First Paid Portrait Session

Discussion in 'The Professional Gallery' started by onedayillknowbetter, Jun 12, 2008.

  1. onedayillknowbetter

    onedayillknowbetter TPF Noob!

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    The amount of paid work I've been getting is increasing every day, enough that I can say I am supporting myself with my photography now. I feel accomplished, but still a little uneasy because this is all new to me. I had my first paid portrait session the first of June, and got the images to the client's and my liking. We had over 500 to choose from, and she chose to keep 26, and use 4 for print. The only thing is, I'm not sure the price I charged her is something that I am interested in charging again because it was a lot more work than I expected. We spent two hours at one location one day, and then two hours at another location another day, got over 500 images, I put the proofs on my server the next day for both of the sessions, and then Photoshopped four images of her choosing. (technically, it was 5 because she wanted one cropped after I touched it up.) Total she paid $200.
    What do you think of these images she chose and I retouched? She was pretty happy with them, and I was somewhat satisfied (I think there are better ones in the ones she didn't choose.) But, based on the quality of the photos, and everything that was included in her session, do you think this is a fair price, or would it be fair to charge more? What does a photographer base his/her portrait prices on?


    Thanks for all your constructive comments!
     
    Last edited: Sep 5, 2008
  2. twocolor

    twocolor No longer a newbie, moving up!

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    Here's my two cents worth. On a shoot like this one, I limit my time to 2 hours maximum. I give them unlimited clothing change, and unlimited locations - knowing that each time I pack up gear and change locations, the clock is ticking, each time they change clothes, the clock is ticking. I charge an hourly rate of $50 if they keep me after the 2 hours. I also charge $2 a mile after the initial 30 miles. The standard price on this shoot is $175. They would get tops of 150 pictures. In the case you described, where it was 2 hours on 2 seperate days, I would have charged them as 2 portrait sessions. And I would have narrowed the field from 500 pics down to around 200. Go back through your 500 and rate them on a scale of 1-5. I only show my clients my 4s and 5s. Put your best face forward. Let them think that the only shots you take are GREAT ones.

    I love the pics, though I would like to see what she looks like with a smile!

    Great job, and good luck!
     
  3. AprilRamone

    AprilRamone TPF Noob!

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    Does she get the digital files of the 4 you touched up for her as part of the $200 price or does she need to pay more for the end product?

    I don't think $200 is that bad of a price if it was really more of a session fee (although going out for 2 days is more than I would have done for the price) especially since you only had to touch up 4 shots (my pp is what takes the most time...) But, I charge $50 per digital file AFTER at least a $250 print purchase to make it worth my time. And, that's cheap for the digital files if you ask me.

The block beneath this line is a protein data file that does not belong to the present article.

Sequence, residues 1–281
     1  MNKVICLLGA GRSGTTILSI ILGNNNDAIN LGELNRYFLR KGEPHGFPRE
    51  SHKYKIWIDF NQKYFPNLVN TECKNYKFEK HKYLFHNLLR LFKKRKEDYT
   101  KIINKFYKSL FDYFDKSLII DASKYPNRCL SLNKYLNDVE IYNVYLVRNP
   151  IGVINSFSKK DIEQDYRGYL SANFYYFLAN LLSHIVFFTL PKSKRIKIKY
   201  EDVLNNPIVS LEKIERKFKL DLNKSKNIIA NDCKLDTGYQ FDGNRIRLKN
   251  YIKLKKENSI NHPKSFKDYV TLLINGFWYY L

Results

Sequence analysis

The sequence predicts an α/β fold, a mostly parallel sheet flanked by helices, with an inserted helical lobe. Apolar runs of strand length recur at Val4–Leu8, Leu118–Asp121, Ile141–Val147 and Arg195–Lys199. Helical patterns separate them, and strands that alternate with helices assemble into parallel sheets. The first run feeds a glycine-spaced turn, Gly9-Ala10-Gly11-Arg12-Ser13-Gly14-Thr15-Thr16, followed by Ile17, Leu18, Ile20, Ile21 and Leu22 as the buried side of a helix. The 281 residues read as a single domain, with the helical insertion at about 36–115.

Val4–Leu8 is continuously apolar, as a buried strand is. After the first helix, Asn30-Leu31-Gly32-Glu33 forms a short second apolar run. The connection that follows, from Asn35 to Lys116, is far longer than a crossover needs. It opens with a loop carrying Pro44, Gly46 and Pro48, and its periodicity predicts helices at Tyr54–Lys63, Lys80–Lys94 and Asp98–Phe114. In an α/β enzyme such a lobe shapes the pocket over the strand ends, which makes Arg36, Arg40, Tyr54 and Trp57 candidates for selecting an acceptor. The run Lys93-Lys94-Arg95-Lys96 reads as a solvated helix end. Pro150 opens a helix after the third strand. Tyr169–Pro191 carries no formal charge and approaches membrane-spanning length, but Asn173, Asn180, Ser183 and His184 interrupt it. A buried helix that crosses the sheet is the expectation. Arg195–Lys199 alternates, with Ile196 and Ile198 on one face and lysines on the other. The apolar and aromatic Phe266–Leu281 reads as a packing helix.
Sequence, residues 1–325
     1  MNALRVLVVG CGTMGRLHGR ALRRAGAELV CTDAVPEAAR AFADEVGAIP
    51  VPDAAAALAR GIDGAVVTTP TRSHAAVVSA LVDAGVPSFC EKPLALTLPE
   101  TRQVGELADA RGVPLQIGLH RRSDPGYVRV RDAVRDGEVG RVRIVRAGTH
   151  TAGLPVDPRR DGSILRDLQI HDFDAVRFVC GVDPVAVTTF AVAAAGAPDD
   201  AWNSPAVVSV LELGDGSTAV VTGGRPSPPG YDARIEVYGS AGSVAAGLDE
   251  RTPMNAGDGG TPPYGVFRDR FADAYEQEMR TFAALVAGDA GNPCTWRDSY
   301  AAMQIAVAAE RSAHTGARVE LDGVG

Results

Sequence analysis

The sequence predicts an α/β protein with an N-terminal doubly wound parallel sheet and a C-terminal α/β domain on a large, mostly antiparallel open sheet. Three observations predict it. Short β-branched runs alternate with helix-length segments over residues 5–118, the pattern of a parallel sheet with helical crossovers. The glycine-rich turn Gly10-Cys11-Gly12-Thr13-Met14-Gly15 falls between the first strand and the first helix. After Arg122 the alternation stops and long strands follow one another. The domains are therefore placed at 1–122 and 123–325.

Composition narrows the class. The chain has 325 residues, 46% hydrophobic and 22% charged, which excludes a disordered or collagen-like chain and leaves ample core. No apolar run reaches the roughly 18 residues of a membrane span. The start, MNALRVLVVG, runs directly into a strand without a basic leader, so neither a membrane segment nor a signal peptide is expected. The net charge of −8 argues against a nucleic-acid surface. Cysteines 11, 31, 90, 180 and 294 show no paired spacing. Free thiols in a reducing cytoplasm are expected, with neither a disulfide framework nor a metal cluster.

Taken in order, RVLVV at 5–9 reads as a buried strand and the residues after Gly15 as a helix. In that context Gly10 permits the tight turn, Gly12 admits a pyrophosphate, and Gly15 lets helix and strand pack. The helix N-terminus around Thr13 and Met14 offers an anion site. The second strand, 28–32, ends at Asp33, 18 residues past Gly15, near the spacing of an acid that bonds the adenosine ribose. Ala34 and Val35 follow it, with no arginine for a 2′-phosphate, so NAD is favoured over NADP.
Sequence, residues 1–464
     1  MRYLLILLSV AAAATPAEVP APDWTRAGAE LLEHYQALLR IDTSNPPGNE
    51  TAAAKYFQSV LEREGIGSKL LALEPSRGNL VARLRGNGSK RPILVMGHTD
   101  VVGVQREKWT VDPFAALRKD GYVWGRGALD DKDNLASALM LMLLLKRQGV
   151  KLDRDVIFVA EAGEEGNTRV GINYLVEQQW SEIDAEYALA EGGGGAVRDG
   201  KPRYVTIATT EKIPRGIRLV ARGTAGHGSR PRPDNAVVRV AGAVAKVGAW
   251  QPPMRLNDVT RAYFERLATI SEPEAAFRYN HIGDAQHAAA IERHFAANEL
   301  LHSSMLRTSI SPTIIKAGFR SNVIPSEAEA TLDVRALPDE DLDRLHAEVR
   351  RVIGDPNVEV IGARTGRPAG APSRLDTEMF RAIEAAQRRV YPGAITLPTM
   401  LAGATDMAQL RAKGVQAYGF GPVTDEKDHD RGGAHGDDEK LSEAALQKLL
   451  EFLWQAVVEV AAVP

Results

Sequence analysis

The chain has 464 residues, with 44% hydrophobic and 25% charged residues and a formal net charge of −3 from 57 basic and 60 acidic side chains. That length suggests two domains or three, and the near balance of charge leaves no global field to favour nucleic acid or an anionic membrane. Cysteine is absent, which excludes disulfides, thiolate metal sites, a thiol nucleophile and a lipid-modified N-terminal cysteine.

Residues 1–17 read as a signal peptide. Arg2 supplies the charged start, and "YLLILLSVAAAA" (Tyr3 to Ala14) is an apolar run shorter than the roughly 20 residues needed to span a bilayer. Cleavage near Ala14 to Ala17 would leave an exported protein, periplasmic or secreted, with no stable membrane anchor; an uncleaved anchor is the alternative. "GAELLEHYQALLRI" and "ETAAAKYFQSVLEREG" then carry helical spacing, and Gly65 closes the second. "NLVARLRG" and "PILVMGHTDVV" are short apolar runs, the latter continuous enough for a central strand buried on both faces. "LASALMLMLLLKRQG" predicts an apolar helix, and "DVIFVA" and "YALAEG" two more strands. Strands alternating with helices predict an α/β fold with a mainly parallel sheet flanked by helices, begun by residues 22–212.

If you included the digital files in this price, then yes, you should charge more next time!
     
  4. GeorgiaOwl

    GeorgiaOwl TPF Noob!

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    I don't know about the pricing, but I think the photos are outstanding.
     
  5. onedayillknowbetter

    onedayillknowbetter TPF Noob!

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    Yeah, I definitely go through and select ONLY the ones that are in focus, or basically up to my standard, and then she can choose from those. She was looking for a very specific facial expression (at the request of her label) though, so there were still a lot. Her label requested that she look "less innocent" in her new photos, so that's what we were going for.
    Thanks for your comment!
     
  6. onedayillknowbetter

    onedayillknowbetter TPF Noob!

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    Originally, the plan was to do everything in one day, two different locations; but the weather got a little chilly for a rooftop sunset. I didn't really have a problem doing it the next day because I didn't want to be rushed and we spent more time at the first location than planned and we lost some good light. Actually, total she got 30 images. But I only took 4 into Photoshop to fix blemishes and stuff. The other 26 I just optimized in Lightroom.
    I would really like to make $250 from prints alone, but I feel as though that might deter clients, seeing as how almost everything is done in digital these days. These were press photos, so the record label needed digital files. I probably should charge more for these anyway. Do I get royalties every time it's printed, or what?
    I was thinking of charging $20 per photo for retouching, but I feel like those pictures above look like they cost more than $20 each. I want to have a good price attached to good work, so maybe $50?
     
  7. waileong

    waileong TPF Noob!

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    I wouldn't pay $200, I wouldn't charge $200.

    As a photographer, I have limited hours in a day. $200 for 4 hours' work is $50 per hour or less when you factor in your time to get to the location and back.